between a "memory leak" (no pointer to the memory, but it hasn't
been freed) and a "possible memory leak" (unfreed memory at the
end of the program, but still pointers to it in static memory).

--
James Kanze (GABI Software) email:ja******* **@gmail.com
Conseils en informatique orientée objet/
Beratung in objektorientier ter Datenverarbeitu ng
9 place Sémard, 78210 St.-Cyr-l'École, France, +33 (0)1 30 23 00 34
Jul 26 '08 #9
On 2008-07-26 08:02:33 -0400, James Kanze <ja*********@gm ail.comsaid:
On Jul 26, 12:55 pm, Pete Becker <p...@versatile coding.comwrote :
>On 2008-07-26 04:57:07 -0400, James Kanze <james.ka...@gm ail.comsaid:

[...]
>>As a pragmatic
developer, the only definition which interests me is the one
that concerns me: the program hasn't "freed" memory that it
doesn't need anymore.
>And one way to see that is to terminate the program and look
at what's still in use.

Which begs the point: what does it mean to be "still in use"?
Sigh. As I said before, still reachable.
If there is an active pointer to it, is it "still in use" (even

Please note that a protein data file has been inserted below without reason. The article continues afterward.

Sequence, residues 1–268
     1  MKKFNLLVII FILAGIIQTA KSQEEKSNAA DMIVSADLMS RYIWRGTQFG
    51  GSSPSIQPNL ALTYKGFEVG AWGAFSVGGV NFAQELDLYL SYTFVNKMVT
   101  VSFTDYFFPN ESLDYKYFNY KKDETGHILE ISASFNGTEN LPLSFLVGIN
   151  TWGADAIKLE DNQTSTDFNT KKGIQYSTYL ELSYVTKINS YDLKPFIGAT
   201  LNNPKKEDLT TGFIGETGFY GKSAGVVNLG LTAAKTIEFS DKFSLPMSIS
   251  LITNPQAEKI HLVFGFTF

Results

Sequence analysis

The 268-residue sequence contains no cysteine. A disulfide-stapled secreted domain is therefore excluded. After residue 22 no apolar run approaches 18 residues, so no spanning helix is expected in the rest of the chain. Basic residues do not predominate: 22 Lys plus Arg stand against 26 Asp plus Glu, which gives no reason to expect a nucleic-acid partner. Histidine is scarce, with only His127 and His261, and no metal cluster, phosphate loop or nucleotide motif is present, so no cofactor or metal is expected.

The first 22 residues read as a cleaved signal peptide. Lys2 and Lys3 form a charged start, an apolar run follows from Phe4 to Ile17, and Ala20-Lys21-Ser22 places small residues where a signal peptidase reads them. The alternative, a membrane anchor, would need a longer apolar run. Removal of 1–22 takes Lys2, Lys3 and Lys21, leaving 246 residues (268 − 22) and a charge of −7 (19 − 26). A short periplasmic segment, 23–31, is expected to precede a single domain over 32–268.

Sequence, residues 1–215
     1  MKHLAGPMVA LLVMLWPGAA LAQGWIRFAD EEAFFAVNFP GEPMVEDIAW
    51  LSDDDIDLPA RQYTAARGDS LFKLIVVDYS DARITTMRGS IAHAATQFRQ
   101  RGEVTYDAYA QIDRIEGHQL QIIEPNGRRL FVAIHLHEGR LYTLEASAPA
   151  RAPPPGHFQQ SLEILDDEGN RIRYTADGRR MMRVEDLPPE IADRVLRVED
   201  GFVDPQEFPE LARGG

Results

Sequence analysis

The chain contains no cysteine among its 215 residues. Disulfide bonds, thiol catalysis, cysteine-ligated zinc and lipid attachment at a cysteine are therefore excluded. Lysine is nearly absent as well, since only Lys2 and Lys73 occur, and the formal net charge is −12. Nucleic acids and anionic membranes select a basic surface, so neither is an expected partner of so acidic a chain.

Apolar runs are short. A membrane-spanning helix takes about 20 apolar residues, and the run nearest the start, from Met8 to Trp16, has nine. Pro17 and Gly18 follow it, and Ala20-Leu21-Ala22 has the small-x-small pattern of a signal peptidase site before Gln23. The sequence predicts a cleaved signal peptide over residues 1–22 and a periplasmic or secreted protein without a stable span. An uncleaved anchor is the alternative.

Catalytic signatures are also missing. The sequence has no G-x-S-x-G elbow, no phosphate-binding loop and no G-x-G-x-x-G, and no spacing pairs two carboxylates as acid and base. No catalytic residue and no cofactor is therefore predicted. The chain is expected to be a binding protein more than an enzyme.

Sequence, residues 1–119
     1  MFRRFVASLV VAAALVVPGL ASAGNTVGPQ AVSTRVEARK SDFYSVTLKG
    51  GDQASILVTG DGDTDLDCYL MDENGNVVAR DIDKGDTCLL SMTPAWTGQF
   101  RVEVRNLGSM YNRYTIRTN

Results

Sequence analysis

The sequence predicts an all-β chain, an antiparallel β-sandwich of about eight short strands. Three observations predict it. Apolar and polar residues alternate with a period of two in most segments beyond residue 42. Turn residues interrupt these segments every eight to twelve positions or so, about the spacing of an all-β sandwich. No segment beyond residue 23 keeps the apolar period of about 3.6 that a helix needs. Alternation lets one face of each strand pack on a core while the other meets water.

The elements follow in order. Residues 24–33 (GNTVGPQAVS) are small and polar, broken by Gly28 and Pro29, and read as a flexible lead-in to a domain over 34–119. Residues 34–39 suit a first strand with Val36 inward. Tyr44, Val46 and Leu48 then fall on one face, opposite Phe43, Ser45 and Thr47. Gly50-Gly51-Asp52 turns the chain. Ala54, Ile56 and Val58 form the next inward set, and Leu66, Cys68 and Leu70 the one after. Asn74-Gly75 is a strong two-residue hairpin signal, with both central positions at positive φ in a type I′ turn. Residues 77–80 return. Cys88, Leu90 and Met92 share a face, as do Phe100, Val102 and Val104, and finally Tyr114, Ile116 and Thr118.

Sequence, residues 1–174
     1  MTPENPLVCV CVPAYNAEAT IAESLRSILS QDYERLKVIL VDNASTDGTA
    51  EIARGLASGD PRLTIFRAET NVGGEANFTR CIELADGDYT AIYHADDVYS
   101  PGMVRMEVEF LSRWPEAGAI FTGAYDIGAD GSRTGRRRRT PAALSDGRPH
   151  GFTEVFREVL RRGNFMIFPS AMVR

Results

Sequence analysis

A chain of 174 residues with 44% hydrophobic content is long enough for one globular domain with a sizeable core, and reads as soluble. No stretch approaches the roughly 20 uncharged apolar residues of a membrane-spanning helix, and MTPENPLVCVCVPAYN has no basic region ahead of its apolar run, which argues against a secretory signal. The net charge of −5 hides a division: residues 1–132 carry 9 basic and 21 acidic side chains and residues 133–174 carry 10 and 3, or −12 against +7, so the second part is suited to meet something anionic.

if the application would never have used that pointer)?

Purify (and I suppose most other similar tools) distinguishes
between a "memory leak" (no pointer to the memory, but it hasn't
been freed) and a "possible memory leak" (unfreed memory at the
end of the program, but still pointers to it in static memory).
Shrug. The original question was, in essence, how can garbage
collection help detect leaks, not what's the best possible approach to
leak detection. I answered the first question, and you're talking about
the second one.

--
Pete
Roundhouse Consulting, Ltd. (www.versatilecoding.com) Author of "The
Standard C++ Library Extensions: a Tutorial and Reference
(www.petebecker.com/tr1book)

Jul 26 '08 #10